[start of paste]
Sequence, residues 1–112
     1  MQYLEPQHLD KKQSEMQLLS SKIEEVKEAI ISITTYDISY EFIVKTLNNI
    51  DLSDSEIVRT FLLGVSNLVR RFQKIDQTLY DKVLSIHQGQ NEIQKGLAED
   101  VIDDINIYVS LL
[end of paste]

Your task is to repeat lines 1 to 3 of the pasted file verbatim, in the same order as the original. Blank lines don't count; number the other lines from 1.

Sequence, residues 1–112
     1  MQYLEPQHLD KKQSEMQLLS SKIEEVKEAI ISITTYDISY EFIVKTLNNI
    51  DLSDSEIVRT FLLGVSNLVR RFQKIDQTLY DKVLSIHQGQ NEIQKGLAED